Now that service from the AMC-18 satellite is running, we engineers need to swing untold thousands of dishes off the dying “bird” over the central Pacific. As you plan for this, veteran projects and contract engineer Mike McCarthy offers readers a few things to consider.
First, do you have a clear boresight path to the new bird? And if not, what is needed to achieve this?
Fig. 1: Check the integrity of the mesh dish.
Then inspect your dish to verify you can mechanically move the dish. It may be impossible to re-aim the dish if the hardware is so corroded that there is a risk of breaking fasteners holding the dish in place.
For mesh dishes, as shown in Fig. 1, ensure the parabola is structurally sound, not bent or damaged. If you have a mechanical issue, what do you do? You may be required to replace the dish, and for this, you need time!
Another consideration is determining the best time to do this re-aim. The answer, Mike writes, boils down to local conditions. For Mike’s clients, he will perform the re-aim after the risk of snow storms has passed, permitting him to work wearing a windbreaker. However, you should verify the new alignment, look angle and boresight path clearance as soon as possible, in the event a more significant solution is required.
As for the actual realignment, Mike suggests you first set up on your workbench a surplus StarGuide III that is set to one of the remaining networks still using the platform. Before you begin, make sure the receiver works on the network test channel — just to be sure you’re not dealing with a dead receiver or audio card. Next, wire in audio pairs for monitoring/testing using a battery powered amplifier and a pair of headphones set to the network’s test channel to verify operation.
Fig. 2: A weatherproofed service splice permits connecting the receiver at the dish.
Once you’re done testing the receiver on the bench, shut down the DC to the LNB and bring the receiver out to the dish, along with some AC power, a coax jumper, RF attenuator(s) and headphones. Open the service splice (Fig. 2) — you do have a service and arrestor/ground splice, right? Then connect the receiver to the dish, making sure to reapply LNB power.
Presuming you have confirmed a clear boresight path, happily aim away (don’t forget to adjust the polarization offset) until the best combination of Eb/No and AGC are realized on the receiver — adding attenuation as needed to verify fade margin headroom. As you do this, listen to your “confidence” audio on the new frequency, using the amplifier and headphones.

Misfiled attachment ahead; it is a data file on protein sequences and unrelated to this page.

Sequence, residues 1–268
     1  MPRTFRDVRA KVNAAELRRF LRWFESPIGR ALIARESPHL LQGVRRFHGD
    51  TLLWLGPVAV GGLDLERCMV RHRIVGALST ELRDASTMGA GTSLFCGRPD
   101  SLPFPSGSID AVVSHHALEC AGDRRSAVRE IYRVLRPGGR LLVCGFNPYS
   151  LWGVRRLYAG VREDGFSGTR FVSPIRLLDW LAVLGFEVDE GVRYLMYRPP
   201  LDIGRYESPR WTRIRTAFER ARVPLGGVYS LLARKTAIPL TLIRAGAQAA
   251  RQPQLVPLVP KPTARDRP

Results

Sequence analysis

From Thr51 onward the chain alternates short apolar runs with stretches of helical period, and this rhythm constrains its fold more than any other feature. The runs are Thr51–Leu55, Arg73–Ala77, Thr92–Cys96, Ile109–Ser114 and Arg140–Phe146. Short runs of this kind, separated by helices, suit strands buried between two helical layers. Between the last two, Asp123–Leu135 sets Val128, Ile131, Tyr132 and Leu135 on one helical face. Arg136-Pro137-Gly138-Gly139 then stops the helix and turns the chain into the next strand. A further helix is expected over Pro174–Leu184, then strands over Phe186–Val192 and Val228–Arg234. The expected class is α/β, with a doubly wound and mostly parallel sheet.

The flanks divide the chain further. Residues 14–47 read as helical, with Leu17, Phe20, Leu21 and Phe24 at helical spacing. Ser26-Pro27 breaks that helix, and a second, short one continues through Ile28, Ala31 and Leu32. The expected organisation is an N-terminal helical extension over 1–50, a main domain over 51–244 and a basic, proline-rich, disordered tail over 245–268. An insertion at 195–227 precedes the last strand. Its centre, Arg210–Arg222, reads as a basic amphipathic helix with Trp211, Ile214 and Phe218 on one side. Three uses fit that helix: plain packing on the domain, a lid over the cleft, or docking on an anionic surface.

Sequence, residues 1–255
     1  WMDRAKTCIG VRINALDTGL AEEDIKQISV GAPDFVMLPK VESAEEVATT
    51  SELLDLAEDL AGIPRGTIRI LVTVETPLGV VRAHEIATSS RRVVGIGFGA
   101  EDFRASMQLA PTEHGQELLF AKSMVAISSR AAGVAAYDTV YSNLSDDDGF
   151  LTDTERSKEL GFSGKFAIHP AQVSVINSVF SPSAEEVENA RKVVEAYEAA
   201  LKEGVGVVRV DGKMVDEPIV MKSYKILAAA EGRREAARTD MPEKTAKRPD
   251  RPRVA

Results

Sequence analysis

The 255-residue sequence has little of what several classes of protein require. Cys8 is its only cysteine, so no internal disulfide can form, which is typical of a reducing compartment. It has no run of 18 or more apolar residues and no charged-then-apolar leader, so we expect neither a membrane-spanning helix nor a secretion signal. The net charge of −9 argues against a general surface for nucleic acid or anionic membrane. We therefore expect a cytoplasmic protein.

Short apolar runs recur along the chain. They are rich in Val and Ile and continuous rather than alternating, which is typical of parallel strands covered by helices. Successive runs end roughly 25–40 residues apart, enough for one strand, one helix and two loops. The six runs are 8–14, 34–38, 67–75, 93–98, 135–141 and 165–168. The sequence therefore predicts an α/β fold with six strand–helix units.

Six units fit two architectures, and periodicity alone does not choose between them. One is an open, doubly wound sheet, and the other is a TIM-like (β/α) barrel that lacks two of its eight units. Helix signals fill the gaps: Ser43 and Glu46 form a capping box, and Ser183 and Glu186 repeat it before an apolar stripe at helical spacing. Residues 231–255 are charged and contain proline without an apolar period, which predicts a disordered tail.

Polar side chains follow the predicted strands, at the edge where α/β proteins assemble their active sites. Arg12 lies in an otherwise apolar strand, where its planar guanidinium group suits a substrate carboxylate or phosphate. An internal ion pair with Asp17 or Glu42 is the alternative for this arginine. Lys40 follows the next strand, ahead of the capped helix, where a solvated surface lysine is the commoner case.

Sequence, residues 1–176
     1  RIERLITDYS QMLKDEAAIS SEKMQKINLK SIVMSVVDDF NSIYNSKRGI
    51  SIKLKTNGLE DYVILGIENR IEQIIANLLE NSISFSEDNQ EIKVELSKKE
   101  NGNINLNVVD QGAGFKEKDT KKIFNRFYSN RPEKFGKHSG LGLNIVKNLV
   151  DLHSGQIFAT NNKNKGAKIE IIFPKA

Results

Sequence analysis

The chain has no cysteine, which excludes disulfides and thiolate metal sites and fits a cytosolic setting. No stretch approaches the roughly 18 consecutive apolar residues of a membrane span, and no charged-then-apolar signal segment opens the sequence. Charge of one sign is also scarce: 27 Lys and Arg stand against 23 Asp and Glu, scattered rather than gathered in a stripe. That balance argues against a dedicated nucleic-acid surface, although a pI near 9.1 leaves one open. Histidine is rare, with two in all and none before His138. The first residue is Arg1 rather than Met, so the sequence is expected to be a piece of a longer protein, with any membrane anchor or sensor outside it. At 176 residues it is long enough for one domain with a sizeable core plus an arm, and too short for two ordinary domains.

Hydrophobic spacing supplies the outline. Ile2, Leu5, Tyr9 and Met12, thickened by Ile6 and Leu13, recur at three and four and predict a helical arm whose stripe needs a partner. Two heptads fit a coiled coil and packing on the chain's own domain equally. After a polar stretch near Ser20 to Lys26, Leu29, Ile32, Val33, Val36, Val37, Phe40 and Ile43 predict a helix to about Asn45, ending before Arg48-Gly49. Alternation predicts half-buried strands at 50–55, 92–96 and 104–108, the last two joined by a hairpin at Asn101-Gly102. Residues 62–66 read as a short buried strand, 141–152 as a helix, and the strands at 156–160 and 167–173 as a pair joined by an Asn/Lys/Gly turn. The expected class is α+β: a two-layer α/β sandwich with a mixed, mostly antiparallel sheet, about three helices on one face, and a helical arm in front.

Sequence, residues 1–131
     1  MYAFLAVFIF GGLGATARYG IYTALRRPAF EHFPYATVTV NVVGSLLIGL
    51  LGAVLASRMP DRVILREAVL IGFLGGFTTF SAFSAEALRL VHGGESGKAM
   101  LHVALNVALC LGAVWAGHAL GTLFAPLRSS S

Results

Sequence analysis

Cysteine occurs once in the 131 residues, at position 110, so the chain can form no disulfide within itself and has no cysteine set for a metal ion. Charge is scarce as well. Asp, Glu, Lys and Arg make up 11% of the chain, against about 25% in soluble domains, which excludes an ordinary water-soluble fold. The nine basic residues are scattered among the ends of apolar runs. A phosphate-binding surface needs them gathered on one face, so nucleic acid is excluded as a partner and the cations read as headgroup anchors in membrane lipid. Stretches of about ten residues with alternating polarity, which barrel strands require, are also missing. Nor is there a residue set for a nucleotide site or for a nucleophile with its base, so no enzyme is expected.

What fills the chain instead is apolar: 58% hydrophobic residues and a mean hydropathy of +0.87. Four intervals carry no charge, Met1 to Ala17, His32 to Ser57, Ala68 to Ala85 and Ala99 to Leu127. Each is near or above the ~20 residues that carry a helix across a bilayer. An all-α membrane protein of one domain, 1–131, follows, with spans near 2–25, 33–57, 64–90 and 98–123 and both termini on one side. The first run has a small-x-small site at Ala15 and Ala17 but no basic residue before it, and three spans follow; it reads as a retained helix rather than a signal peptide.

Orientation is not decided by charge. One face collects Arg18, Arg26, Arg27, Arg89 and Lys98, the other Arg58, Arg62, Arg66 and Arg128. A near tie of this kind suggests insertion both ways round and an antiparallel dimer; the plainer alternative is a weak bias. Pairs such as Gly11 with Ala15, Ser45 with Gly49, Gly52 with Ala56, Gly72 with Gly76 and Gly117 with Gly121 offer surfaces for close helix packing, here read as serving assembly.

Fig. 3: After alignment, mark mounting nuts with a permanent marker.
Fig. 4: Also check black tie-wraps securing the cable to the LNB.
Once that’s done, lube and secure the hardware, secure the dish, reconnect the coax back into the studio, restore the LNB DC and check the receiver general operation, Eb/No, AGC and RF levels. As shown in Fig. 3, mark the mounting nut location with a permanent marker. Add or remove previously installed attenuation to make sure you’re in the sweet spot for each receiver. Once that is all done, then re-weather seal the coax service splice, and secure the cable using black tie-wraps, shown in Fig. 4.
Mike adds that if you don’t have a spare StarGuide III, try eBay; that’s where he got his.
In closing, Mike mentions www.dishpointer.com. They have a very accurate satellite overlay for checking azimuths. This is the first place Mike went to after seeing the change in birds. The site allows you to check look angle and bore sight.
Fortunately, all of Mike’s sites are clear, except for one contract station. It will take a transit to check the boresight for that station, and there is a significant chance that they might need to replace the dish.
Mike included this definition, as it relates to parabolic dishes: Boresight is a virtual cylinder of approximately the same diameter as the parabolic dish extended and centered along the dish’s axis of symmetry and maximum gain.
June 30, 2017, is the final date for affiliates to have their satellite downlinks repointed to 105 west. For general information about the U.S. radio industry’s migration of satellite service to AMC-18, see www.amc8migration.com/.
The clock is now ticking.
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Author John Bisset has spent 48 years in the broadcasting industry and is still learning. He handles West Coast sales for the Telos Alliance. John is SBE-certified and is a past recipient of the SBE’s Educator of the Year Award.